It's Saint Nicholas Day, December 6, earliest sunset of the year, so I think I'll talk about Santa, Jolly Old Saint Nick, and the question of how the saint whose feast day is almost three weeks before Christmas has gotten associated with Christmas. (Hate to break it to you, but medieval Christmas was completely lacking in both Santa and Christmas trees.)
(And for that matter, isn't "Old Nick" another name for Satan? And if you rearrange the letters in Santa, what do you get?)
There really was a Saint Nicholas, by the way, who lived in what is now Turkey in the later days of the Roman Empire. He had various stories told about him, including that he saved some girls whose destitute father was going to sell them to the local brothel; the saint saved them by secretly throwing bags of money through their window. He also supposedly brought back to life some boys whom a nefarious innkeeper had cooked up and was getting ready to serve. These stories made him the patron saint of children. (See more here on how he became the patron saint of poor working girls during the Renaissance.)
By the seventeenth or eighteenth century, well-to-do Dutch were celebrating Saint Nicholas day (Sint Niklaus or Sinter Klaas as they called him) with small presents for the children. In the Netherlands, the saint still comes up the canal in his canal boat on the 6th, bringing toys for the good children, but his assistant, Black Peter, puts coal in the wooden shoes of the bad ones.
Santa as we know him (say Sinter Klaas fast and you'll see where the name Santa Claus comes from) is a specifically American invention, that started in the early nineteenth century with Washington Irving, the same person who wrote about the headless horseman of Sleepy Hollow. He was trying to create a vision of an "old fashioned" sort of family celebration, based on Dutch heritage--with the war of 1812 and all that, the British weren't as welcome in New York State as the Dutch still were.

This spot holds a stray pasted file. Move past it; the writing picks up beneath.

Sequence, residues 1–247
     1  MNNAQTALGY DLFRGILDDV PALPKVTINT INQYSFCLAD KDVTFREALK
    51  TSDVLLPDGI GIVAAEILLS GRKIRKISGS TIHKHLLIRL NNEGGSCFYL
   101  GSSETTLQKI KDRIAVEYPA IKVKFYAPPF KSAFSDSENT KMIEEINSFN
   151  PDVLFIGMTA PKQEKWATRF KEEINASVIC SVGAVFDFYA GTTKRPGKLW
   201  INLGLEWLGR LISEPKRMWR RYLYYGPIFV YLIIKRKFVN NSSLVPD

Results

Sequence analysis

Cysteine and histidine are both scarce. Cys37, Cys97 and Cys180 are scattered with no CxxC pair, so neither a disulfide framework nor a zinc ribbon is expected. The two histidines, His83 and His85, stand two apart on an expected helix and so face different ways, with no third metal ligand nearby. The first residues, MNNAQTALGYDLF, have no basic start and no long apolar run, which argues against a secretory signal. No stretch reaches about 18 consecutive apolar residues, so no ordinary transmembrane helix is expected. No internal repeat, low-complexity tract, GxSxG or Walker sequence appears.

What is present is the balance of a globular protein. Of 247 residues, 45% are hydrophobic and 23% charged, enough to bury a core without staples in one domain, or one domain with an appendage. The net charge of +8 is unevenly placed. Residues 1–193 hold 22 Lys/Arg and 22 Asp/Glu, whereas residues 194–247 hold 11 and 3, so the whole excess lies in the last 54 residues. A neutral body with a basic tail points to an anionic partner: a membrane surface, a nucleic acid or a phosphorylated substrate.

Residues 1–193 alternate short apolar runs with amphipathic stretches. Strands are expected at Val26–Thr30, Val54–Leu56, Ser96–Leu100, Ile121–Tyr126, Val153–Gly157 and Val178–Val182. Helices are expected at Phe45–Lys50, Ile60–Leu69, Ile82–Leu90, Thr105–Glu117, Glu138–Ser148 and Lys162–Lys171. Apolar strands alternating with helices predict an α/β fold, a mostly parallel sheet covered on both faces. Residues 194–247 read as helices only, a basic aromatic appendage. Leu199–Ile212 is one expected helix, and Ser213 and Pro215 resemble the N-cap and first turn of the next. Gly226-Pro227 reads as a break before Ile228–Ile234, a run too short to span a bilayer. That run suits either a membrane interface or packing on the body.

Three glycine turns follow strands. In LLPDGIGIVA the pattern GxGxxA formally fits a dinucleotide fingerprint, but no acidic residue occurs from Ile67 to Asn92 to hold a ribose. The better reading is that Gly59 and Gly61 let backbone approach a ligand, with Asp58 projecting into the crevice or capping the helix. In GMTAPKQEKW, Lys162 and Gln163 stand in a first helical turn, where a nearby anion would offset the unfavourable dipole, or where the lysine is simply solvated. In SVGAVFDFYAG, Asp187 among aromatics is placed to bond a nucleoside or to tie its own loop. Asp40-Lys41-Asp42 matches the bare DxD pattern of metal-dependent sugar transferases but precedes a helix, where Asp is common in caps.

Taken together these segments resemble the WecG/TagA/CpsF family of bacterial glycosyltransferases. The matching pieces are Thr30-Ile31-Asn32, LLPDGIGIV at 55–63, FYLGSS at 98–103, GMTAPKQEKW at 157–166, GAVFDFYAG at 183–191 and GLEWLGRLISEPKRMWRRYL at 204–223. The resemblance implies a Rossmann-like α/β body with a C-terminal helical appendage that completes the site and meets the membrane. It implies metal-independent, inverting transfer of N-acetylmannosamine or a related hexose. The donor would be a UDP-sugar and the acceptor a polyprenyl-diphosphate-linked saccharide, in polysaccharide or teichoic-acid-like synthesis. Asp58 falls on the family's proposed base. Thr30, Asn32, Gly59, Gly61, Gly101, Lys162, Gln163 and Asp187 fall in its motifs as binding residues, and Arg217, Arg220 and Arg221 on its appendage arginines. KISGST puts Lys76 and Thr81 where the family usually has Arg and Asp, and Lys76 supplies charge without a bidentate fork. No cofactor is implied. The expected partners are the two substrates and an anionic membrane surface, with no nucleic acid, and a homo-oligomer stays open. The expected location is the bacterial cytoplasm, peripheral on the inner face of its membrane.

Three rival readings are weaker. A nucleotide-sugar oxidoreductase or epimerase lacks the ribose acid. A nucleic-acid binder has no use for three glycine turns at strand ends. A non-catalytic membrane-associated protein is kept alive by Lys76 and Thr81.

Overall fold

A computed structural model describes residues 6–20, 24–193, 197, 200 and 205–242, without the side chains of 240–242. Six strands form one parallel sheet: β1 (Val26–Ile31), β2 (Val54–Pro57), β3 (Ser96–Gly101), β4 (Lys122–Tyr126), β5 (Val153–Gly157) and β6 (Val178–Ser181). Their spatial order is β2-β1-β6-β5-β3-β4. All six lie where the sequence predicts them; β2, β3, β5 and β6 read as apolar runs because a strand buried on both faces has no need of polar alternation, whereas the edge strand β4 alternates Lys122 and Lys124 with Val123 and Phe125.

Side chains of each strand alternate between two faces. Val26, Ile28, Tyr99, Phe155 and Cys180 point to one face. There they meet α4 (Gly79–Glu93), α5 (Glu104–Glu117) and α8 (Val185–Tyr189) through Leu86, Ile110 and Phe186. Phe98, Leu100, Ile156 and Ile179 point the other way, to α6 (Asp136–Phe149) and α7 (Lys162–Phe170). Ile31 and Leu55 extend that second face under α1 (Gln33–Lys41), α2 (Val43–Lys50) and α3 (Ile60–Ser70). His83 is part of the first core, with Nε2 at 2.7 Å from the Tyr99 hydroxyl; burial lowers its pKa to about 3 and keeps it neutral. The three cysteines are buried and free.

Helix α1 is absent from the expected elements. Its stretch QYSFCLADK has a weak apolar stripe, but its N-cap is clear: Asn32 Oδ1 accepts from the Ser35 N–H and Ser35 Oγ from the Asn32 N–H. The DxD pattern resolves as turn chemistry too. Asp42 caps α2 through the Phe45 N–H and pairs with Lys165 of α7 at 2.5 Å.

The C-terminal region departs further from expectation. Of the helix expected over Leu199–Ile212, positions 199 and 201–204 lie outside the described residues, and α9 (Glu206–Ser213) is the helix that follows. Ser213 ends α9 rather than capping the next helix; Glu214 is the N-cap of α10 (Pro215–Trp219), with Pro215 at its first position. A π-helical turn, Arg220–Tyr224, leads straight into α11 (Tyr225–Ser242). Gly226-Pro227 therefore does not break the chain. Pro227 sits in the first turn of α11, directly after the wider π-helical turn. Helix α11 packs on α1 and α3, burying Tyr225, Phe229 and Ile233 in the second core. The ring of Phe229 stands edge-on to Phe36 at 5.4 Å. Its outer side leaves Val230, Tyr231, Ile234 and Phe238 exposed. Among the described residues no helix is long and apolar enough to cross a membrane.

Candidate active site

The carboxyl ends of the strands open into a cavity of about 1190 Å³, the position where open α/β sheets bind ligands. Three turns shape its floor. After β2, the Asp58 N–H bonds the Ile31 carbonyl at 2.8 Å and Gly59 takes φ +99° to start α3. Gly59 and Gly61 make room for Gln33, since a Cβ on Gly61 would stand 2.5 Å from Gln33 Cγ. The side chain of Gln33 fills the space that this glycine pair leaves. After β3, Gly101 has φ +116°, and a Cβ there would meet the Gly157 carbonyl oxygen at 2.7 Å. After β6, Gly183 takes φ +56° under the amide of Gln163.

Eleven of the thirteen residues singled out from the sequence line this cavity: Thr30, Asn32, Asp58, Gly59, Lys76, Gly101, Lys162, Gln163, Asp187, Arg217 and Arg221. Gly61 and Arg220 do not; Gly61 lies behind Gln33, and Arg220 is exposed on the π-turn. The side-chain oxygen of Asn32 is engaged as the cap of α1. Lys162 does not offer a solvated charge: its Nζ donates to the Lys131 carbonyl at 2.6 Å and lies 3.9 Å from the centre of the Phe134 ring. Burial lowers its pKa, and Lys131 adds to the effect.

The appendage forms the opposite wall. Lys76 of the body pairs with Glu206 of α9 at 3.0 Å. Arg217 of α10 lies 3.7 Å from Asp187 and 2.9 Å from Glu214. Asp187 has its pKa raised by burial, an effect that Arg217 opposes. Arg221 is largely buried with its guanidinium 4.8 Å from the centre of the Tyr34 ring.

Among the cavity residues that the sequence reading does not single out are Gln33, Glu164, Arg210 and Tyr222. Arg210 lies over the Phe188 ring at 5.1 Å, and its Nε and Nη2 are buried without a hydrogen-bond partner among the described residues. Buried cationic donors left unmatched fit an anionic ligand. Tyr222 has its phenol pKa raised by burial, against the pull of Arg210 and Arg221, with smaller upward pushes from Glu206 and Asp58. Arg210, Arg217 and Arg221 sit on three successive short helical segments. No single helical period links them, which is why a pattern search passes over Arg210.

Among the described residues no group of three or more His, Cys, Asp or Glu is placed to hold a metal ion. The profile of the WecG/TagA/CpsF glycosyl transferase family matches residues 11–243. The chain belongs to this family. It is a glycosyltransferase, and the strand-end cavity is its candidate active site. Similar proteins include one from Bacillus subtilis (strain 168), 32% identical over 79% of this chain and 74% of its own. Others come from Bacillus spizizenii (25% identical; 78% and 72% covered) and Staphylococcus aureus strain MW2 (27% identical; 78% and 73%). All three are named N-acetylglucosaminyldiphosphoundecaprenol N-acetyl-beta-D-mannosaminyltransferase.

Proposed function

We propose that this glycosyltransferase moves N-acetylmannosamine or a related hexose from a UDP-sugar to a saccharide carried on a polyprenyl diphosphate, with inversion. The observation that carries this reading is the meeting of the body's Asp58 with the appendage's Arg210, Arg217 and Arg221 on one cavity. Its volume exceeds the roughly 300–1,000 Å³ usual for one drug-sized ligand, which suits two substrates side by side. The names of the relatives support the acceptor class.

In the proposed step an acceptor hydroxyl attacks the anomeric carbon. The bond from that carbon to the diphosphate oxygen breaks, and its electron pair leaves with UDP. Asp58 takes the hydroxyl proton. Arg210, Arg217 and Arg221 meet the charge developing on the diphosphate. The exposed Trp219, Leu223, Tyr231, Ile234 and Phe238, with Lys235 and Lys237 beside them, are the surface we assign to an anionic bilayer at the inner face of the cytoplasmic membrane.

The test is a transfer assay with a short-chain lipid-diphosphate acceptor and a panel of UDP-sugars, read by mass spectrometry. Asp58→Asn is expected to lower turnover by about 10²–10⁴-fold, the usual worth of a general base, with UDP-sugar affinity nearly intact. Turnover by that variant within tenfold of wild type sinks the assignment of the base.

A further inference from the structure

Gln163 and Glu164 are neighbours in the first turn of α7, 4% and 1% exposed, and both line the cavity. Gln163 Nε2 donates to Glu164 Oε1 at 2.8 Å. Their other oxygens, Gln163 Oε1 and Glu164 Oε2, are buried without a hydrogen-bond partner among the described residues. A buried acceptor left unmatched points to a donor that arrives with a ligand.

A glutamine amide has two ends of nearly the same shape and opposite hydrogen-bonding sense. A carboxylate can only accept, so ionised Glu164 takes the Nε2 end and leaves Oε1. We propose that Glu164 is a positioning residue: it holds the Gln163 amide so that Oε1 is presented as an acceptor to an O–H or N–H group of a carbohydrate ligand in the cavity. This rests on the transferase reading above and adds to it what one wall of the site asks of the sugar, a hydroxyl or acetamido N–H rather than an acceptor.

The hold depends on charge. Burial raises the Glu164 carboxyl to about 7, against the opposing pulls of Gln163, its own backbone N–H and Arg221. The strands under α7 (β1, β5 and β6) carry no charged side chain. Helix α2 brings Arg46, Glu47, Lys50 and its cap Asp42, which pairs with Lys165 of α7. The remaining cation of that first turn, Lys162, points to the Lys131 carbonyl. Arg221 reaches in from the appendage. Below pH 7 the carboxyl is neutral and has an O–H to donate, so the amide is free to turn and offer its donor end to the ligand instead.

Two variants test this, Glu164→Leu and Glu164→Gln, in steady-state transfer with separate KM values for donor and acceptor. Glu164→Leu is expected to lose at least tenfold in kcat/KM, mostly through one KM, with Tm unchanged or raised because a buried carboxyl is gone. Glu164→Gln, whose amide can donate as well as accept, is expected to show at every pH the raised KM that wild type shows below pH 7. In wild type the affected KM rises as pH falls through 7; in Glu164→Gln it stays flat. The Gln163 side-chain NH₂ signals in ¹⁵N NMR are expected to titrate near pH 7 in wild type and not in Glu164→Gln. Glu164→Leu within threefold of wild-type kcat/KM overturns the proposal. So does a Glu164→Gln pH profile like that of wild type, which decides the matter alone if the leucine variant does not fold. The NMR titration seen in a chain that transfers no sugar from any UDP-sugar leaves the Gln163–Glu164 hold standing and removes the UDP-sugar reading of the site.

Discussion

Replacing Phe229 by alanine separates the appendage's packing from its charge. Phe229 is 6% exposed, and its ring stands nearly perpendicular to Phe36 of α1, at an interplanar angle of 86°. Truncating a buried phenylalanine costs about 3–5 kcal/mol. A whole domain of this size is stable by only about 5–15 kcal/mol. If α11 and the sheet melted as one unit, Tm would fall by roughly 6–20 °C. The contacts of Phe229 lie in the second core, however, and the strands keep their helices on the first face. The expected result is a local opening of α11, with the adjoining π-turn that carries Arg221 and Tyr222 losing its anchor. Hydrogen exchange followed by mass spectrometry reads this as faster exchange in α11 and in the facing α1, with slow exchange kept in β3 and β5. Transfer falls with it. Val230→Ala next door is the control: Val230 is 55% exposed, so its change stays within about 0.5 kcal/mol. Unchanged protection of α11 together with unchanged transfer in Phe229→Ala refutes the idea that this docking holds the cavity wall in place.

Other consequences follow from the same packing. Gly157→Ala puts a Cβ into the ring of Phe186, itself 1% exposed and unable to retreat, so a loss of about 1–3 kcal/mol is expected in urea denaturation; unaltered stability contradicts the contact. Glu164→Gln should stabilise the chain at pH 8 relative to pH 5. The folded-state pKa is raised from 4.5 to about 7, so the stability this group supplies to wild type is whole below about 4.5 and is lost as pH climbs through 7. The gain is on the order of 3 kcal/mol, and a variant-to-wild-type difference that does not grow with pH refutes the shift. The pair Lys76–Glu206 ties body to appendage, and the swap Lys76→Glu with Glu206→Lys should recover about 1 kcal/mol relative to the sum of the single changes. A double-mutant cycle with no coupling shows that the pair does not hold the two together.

But it was Clement Moore's poem "A Visit from Saint Nicholas" (aka "The Night Before Christmas") that single-handedly moved Santa from December 6 to the 24th. By the middle of the nineteenth century, Santa was well established, driving out alternate gift-givers. Thomas Nash, a newspaper illustrator (whose Santa is above), was the first to come up with the North Pole toyshop--I guess someone dressed in furs and driving reindeer just had to live in northerly climes.
But the jolly, red-dressed figure, with a bushy beard, big black boots, and a sack of gifts only really took the appearance he has now in the twentieth century, with Coca Cola commercials, where he chugged a frosty bottle of Coke, rather than puffing on a Dutch clay pipe as he had earlier (and is doing in Nash's illustration).
The Byzantine saint certainly has had many transformations in the last 1600 years, to being considered a secular symbol of Christmas, acceptable where a manger scene would not be (wait! aren't saints religious by definition?), most visible sitting in the mall in December where terrified children are forced to sit on his lap. Ho ho ho!
For more on Santa and Christmas in the Middle Ages, see my essay, "Contested Christmas," available on Amazon and other ebook platforms.